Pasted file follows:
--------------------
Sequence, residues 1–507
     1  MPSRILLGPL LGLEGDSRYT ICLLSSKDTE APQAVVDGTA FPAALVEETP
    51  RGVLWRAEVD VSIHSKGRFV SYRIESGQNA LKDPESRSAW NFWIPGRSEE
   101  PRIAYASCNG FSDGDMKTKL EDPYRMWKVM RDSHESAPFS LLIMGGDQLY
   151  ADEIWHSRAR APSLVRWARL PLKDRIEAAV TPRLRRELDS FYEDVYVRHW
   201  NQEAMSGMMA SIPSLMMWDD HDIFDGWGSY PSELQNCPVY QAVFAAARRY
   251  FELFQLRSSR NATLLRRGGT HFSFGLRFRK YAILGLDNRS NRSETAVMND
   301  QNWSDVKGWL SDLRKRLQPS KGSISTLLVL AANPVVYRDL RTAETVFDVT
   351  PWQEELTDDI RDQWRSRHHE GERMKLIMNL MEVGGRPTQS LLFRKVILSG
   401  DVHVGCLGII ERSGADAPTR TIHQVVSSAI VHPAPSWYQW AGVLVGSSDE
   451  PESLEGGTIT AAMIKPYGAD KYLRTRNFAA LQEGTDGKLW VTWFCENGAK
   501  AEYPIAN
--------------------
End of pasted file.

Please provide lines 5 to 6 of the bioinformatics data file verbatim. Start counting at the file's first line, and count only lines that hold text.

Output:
   151  ADEIWHSRAR APSLVRWARL PLKDRIEAAV TPRLRRELDS FYEDVYVRHW
   201  NQEAMSGMMA SIPSLMMWDD HDIFDGWGSY PSELQNCPVY QAVFAAARRY